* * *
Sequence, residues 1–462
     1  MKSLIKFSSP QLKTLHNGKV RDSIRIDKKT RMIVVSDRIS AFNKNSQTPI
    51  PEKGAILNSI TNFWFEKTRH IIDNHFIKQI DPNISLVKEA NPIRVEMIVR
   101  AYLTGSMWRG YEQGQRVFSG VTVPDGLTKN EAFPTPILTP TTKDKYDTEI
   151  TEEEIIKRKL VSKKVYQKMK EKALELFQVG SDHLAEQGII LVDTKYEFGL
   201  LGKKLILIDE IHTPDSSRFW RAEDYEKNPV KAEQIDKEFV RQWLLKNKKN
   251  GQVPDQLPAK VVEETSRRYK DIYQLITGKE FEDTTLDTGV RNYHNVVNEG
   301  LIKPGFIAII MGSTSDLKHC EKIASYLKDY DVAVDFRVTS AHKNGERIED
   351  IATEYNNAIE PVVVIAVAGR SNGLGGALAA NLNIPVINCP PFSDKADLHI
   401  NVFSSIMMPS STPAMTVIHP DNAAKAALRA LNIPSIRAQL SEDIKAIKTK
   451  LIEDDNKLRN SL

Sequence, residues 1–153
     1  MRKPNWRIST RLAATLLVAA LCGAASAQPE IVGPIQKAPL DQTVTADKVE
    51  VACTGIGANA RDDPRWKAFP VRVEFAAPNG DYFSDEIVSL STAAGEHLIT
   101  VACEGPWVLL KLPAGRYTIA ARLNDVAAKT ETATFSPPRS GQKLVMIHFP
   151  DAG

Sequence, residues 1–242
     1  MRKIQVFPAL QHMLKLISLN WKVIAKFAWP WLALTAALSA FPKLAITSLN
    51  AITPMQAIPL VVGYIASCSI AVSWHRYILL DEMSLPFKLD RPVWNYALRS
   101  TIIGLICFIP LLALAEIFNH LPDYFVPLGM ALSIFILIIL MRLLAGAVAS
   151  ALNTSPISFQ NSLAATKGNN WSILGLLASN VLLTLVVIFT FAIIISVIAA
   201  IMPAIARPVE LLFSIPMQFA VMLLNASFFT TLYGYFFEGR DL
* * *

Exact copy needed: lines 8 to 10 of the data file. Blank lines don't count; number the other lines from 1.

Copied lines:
   301  LIKPGFIAII MGSTSDLKHC EKIASYLKDY DVAVDFRVTS AHKNGERIED
   351  IATEYNNAIE PVVVIAVAGR SNGLGGALAA NLNIPVINCP PFSDKADLHI
   401  NVFSSIMMPS STPAMTVIHP DNAAKAALRA LNIPSIRAQL SEDIKAIKTK